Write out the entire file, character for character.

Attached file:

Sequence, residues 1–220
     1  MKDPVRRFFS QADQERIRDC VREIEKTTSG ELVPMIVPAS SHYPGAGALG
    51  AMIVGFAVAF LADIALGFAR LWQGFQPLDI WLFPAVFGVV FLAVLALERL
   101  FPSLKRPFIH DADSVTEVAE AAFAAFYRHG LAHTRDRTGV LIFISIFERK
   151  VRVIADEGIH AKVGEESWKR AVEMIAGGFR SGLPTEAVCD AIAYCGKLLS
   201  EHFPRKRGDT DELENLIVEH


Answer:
Sequence, residues 1–220
     1  MKDPVRRFFS QADQERIRDC VREIEKTTSG ELVPMIVPAS SHYPGAGALG
    51  AMIVGFAVAF LADIALGFAR LWQGFQPLDI WLFPAVFGVV FLAVLALERL
   101  FPSLKRPFIH DADSVTEVAE AAFAAFYRHG LAHTRDRTGV LIFISIFERK
   151  VRVIADEGIH AKVGEESWKR AVEMIAGGFR SGLPTEAVCD AIAYCGKLLS
   201  EHFPRKRGDT DELENLIVEH